• Events. Are there in-person or virtual events associated with your campaign? Use your crowdfunding page as an opportunity to remind supporters to register and attend.

That said, don’t overwhelm site visitors with too much information. On your main page, the primary focus should be on getting donations. Highlight just one or two additional ways to get involved and place further details on a post-donation thank-you landing page.


Throughout your fundraiser, keep track of your data, including donor information, donation amounts, communication click-through, open, and conversion rates, and other trends. Then, leverage this information to assess areas for growth and implement new fundraising ideas and strategies. 

For example, if you find that an unusual number of users are abandoning the page before donating, you might try incorporating a more direct call to action at the top of the page. Not every iteration will be a great success. That’s OK! By going through this process of refining your page and making adjustments, you’re setting your campaign up for success.

Missy Singh is the Director of Operations, Client Services & Sales at Fundly. She has been working there since 2011 when she started as a Customer Experience and Implementation Manager. As an integrated platform for social impact, Fundly serves as an industry leader in crowdfunding and peer-to-peer fundraising. In 2015 Fundly combined with NonProfitEasy to offer enterprise-level technology that addresses nonprofit needs with features such as a CRM, volunteer management, membership management, and event registration.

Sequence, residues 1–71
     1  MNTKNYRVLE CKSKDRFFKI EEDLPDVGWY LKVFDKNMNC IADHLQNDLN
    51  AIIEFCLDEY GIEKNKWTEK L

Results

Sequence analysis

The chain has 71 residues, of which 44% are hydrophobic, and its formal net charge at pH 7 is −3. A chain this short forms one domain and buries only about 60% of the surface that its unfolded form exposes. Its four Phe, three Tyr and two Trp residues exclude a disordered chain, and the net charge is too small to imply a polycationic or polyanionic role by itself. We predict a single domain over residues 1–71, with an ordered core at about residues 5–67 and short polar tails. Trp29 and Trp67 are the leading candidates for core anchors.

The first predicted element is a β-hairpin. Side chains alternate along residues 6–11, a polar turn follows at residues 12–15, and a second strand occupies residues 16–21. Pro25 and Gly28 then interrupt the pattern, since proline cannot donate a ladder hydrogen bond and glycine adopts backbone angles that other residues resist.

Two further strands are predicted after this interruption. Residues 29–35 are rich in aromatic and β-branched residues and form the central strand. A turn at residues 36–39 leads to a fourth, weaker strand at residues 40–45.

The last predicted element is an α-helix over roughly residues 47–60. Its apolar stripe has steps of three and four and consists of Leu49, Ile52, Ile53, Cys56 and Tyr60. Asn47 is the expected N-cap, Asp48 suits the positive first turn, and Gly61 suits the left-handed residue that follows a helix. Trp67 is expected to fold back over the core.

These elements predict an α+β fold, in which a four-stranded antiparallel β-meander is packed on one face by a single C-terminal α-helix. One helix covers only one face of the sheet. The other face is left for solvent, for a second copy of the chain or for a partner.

How You Can Make Your Messages Stand Out

Do you feel as if information overload is getting worse every year? There’s so much going on right now. Getting your messages out is never easy, but like everything else, it’s gotten a whole lot harder over the past two years.

Your nonprofit organization needs to continue communicating regularly with your donors and you need to do it well. With everything that’s going on, it’s possible they’ll miss your messages. 

Here are a few ways you can make your messages stand out. 

What’s your intention?

What’s the purpose of your message? What do you want your reader to do? Are you asking for a donation? Maybe you’re thanking your donor or sharing an update.

Think from your reader’s perspective. What would she be interested in or what would make him take action?

Don’t muddle your messages with too much information. Keep it simple and stick to one call to action or type of message. 

Choose the right channels

Most likely you’ll use more than one channel to communicate. Pay attention to the channels your donors are using and focus your efforts there.

Email may be the primary way you’re communicating right now and there’s a reason for that. It’s fast, easy, relatively inexpensive, and almost everyone has an email address. You can quickly get a message out to a lot of people. Also, unlike social media, it’s something you can control. You don’t have to rely on a social media algorithm to hope your message ends up in your donor’s feed.